Researchers Track Range of Feral and Outdoor House Cats
Posted on May 27, 2011
Researchers conducted a study to find out what feral and free-roaming house cats do when they're out of sight. The two-year study used radio telemetry and an activity-tracking device to capture the haunts and habits of dozens of owned and un-owned cats living at the southern edge of Champaign and Urbana, neighboring cities in Central Illinois. Together, the 42 adult cats originally radio-tracked for the study ranged over a territory of 2,544 hectares (6,286 acres).
"There's no (other) data set like this for cats," said Jeff Horn, a former graduate student in the University of Illinois department of natural resources and environmental sciences who conducted the study for his master's thesis with researchers from his department and the Prairie Research Institute at Illinois. "Without these sensors, it would require a field team of 10 to 12 people to collect that data."
In most cases the un-owned cats had larger territories than the pet cats and were more active throughout the year, which was expected. One of the feral cats had a home range of 547 hectares (1,351 acres), the largest range of those tracked. Like most of the feral cats, this lone ranger was seen in both urban and rural sites, from residential and campus lawns to agricultural fields, forests and a restored prairie.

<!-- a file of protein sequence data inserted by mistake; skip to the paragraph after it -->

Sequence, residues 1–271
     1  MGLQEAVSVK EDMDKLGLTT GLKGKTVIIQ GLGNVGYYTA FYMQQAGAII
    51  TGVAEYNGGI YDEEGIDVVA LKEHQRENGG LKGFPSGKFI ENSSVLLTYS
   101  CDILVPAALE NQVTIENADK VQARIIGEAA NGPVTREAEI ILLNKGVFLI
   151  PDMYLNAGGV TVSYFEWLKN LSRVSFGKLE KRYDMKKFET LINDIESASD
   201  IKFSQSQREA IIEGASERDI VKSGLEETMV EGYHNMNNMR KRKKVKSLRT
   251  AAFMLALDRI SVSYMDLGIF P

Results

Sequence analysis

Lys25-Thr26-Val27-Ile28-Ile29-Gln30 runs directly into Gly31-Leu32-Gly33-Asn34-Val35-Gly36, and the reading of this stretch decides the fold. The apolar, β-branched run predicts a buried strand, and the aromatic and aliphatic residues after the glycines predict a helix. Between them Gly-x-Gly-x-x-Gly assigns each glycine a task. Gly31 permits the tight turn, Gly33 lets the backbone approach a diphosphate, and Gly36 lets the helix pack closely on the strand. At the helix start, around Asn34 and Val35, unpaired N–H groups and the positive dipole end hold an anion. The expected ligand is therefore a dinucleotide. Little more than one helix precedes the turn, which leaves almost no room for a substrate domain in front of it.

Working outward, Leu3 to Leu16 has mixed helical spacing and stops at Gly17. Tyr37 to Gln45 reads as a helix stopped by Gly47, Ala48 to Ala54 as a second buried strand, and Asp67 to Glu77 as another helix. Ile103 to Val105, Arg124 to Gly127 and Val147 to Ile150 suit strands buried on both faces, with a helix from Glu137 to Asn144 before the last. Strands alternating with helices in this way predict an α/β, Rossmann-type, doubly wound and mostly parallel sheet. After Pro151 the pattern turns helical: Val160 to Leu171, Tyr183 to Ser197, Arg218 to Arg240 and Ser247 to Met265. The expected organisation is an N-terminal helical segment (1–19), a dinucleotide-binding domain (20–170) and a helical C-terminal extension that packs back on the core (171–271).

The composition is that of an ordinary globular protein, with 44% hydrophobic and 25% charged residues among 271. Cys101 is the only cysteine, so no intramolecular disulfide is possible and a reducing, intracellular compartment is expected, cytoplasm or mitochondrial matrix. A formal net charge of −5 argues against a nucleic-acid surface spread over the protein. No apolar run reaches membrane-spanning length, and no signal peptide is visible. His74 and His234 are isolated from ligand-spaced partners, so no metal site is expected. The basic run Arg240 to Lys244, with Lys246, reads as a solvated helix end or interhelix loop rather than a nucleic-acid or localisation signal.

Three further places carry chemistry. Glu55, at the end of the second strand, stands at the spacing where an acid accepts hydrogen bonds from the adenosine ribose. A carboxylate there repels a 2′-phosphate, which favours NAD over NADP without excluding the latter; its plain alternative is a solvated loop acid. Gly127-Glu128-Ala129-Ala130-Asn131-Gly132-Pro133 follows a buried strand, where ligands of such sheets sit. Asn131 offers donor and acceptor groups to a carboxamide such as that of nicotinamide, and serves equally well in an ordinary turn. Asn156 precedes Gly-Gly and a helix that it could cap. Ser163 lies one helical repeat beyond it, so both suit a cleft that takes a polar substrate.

"That particular male cat was not getting food from humans, to my knowledge, but somehow it survived out there amidst coyotes and foxes," Horn said. "It crossed every street in the area where it was trapped. (It navigated) stoplights, parking lots. We found it denning under a softball field during a game."
The owned cats had much smaller territories and tended to stay close to their homes. The mean home range for pet cats in the study was less than two hectares (4.9 acres). Horn said, "Still, some of the cat owners were very surprised to learn that their cats were going that far. That's a lot of backyards."
The cats also differed in the types of territories they used throughout the year. Pet cats randomly wandered in different habitats, but un-owned cats had seasonal habits. In winter, feral cats stayed closer to urban areas than expected. And throughout the year they spent a good amount of time in grasslands, including a restored prairie. Most of the cats in the study stayed within about 300 meters of human structures, said co-author Nohra Mateus-Pinilla, a wildlife veterinary epidemiologist at the Illinois Natural History Survey at Illinois.
Territories between feral cats and outdoor pet cats often overlap. This spells trouble for the environment, the cats and potentially also for the cat owners, the researchers said. Cats can get diseases from wildlife or other cats and bring them home and infect their owners and other pets.
Photos: Illinois Natural History Survey